Image courtesy of Colonial National Historical Park, Yorktown.

Thursday, March 8, 2012

Meeting Notes: May 25, 2011

"Tarleton and the Myth of Buford's Massacre at the Waxhaws," Jim Piecuch

Our speaker at our May 25th meeting was Jim Piecuch. Jim was born in Manchester, New Hampshire and was a city firefighter there for 13 years. At the same time he was a free lance writer publishing numerous historical articles locally as well as regionally and nationally. He holds a B.A. and Masters in History from the University of New Hampshire. His Ph.D. in history is from the College of William & Mary here in Virginia. He serves as a professor at Kennesaw State University in Georgia.

Jim has four books to his credit listed below, but the book he discussed with us was The Blood Be Upon Your Head, Tarleton, Buford, and the Myth of Massacre. The Southern Campaigns of the American Revolution Press has recently published this. If you did not have a chance to buy it at the meeting it can be ordered at the SCAR website.
Jim’s book is about what happened at the Waxhaws Settlement in South Carolina on 29 May 1780. Historically this has been thought to have been a massacre but Jim’s research has portrayed it to be more of a short lived battle. In a way he suggested that Tarleton was almost a nice, reasonable guy but, of course, we are still free to view him as the enemy. Cornwallis had directed that Buford’s troops be destroyed.

Tarleton’s cavalry, which had covered 105 miles in 54 hours, had caught up with the Continental troops led by Colonel Abraham Buford. Buford was returning to Virginia after being too late to be of help in Charleston. Tarleton had demanded Buford’s surrender but was refused. Both sides had to contend with bad weather and roads of mud.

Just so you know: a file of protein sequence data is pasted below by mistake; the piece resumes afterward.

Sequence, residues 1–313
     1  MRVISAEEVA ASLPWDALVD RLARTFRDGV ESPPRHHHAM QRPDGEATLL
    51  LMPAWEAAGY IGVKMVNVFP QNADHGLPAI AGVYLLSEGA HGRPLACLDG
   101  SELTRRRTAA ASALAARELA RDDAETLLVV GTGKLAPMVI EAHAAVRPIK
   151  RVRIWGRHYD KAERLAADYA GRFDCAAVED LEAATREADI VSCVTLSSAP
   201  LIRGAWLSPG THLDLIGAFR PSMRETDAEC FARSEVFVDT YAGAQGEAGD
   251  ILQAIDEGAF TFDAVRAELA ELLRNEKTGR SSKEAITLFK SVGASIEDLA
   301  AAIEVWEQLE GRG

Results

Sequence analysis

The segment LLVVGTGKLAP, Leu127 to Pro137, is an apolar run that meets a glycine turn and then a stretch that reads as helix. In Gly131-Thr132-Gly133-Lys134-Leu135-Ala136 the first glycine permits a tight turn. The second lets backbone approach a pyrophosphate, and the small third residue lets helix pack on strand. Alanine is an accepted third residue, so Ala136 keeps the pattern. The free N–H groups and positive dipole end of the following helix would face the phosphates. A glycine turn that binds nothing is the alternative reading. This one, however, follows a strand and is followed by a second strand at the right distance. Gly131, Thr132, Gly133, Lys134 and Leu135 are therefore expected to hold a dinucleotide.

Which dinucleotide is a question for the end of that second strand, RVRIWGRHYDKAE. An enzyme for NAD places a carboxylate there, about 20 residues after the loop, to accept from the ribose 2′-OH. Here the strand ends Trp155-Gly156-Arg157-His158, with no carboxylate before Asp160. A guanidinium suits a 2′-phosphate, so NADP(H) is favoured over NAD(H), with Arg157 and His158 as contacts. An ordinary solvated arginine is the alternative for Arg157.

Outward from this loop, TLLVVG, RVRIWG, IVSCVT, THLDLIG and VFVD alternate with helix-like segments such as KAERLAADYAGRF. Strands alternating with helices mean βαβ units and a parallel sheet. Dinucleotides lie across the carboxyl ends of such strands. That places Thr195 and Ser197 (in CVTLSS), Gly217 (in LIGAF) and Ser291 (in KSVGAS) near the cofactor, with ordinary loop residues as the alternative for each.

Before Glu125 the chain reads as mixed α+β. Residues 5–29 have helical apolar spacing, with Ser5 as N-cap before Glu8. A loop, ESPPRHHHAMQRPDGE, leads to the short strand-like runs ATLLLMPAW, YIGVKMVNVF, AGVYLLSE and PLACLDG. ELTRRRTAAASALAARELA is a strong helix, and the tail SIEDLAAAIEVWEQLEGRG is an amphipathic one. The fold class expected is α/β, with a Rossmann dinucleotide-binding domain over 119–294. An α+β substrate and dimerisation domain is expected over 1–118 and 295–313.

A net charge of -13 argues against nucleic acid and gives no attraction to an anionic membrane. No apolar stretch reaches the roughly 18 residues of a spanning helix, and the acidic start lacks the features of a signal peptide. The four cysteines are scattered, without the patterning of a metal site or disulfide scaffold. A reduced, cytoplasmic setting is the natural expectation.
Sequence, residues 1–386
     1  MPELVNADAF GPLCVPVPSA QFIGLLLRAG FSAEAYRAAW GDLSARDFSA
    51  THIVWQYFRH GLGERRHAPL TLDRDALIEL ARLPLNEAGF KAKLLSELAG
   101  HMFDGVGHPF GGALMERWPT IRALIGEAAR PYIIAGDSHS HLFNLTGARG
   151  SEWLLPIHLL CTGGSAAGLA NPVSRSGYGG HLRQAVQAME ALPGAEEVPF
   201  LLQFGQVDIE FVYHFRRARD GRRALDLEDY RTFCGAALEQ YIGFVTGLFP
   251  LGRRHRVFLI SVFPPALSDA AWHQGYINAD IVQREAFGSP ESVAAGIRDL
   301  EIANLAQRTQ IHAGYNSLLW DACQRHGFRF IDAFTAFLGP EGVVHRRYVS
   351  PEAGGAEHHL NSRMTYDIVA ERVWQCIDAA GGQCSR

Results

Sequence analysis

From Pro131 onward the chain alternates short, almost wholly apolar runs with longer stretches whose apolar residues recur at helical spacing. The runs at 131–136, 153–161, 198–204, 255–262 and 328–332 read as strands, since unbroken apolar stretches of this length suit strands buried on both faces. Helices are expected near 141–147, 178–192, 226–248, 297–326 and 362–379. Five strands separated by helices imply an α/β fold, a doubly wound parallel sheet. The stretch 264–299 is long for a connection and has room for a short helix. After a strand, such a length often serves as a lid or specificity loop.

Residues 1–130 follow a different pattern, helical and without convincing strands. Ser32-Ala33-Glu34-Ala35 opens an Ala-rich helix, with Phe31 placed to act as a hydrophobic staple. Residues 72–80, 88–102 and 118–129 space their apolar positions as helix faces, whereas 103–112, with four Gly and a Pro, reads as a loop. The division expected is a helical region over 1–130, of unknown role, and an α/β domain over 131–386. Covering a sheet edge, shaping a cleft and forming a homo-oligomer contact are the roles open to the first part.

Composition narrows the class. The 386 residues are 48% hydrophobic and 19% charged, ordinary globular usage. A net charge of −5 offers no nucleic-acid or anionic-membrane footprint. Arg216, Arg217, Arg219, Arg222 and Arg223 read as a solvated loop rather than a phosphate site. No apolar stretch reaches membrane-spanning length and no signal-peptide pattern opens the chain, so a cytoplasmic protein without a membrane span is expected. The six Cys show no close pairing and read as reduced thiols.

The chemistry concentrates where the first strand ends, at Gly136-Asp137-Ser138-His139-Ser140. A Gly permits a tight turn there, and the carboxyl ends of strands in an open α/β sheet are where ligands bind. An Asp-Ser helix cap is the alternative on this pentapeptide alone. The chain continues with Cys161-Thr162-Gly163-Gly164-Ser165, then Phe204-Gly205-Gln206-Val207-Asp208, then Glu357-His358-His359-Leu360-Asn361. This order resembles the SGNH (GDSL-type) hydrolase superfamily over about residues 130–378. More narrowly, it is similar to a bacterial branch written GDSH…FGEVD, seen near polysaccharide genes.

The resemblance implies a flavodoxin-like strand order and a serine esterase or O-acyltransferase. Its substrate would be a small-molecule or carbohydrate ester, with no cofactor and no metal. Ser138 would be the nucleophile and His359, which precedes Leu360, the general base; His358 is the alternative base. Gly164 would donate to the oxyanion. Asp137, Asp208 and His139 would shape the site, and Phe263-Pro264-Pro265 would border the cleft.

At the time of the catch up, the battle ensued. According to Piecuch the entire battle consisted of only one volley. Of course, one volley is still deadly and one noted fatality was Tarleton’s own horse and his men initially feared that he was mortally wounded as well. This is when his men set upon the now surrendered Patriots hacking and bayoneting them. This might certainly come under the definition of a massacre, at least, that is how it was used as propaganda in the Patriot cause.

Still the term massacre was not used by the American soldiers in their pension applications but referred to it as Buford’s defeat. Call it what you will, it is still bloody war.
This was a most interesting meeting which resulted in a spirited Q & A session following.

Other books by Jim Piechuc include:

Cool Deliberate Courage: John Eager Howard in the American Revolution This is co-authored by John Beakes. Three Peoples, One King: Loyalists, Indians, and Slaves in the Revolutionary South, 1775-1782

The Battle of Camden: A Documentary History

--Brent Morgan